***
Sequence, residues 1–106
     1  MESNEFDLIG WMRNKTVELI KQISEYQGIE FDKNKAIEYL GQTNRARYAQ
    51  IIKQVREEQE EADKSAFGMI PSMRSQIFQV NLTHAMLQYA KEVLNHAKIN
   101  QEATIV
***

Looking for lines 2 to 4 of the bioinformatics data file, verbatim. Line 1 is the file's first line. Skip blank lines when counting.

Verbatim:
     1  MESNEFDLIG WMRNKTVELI KQISEYQGIE FDKNKAIEYL GQTNRARYAQ
    51  IIKQVREEQE EADKSAFGMI PSMRSQIFQV NLTHAMLQYA KEVLNHAKIN
   101  QEATIV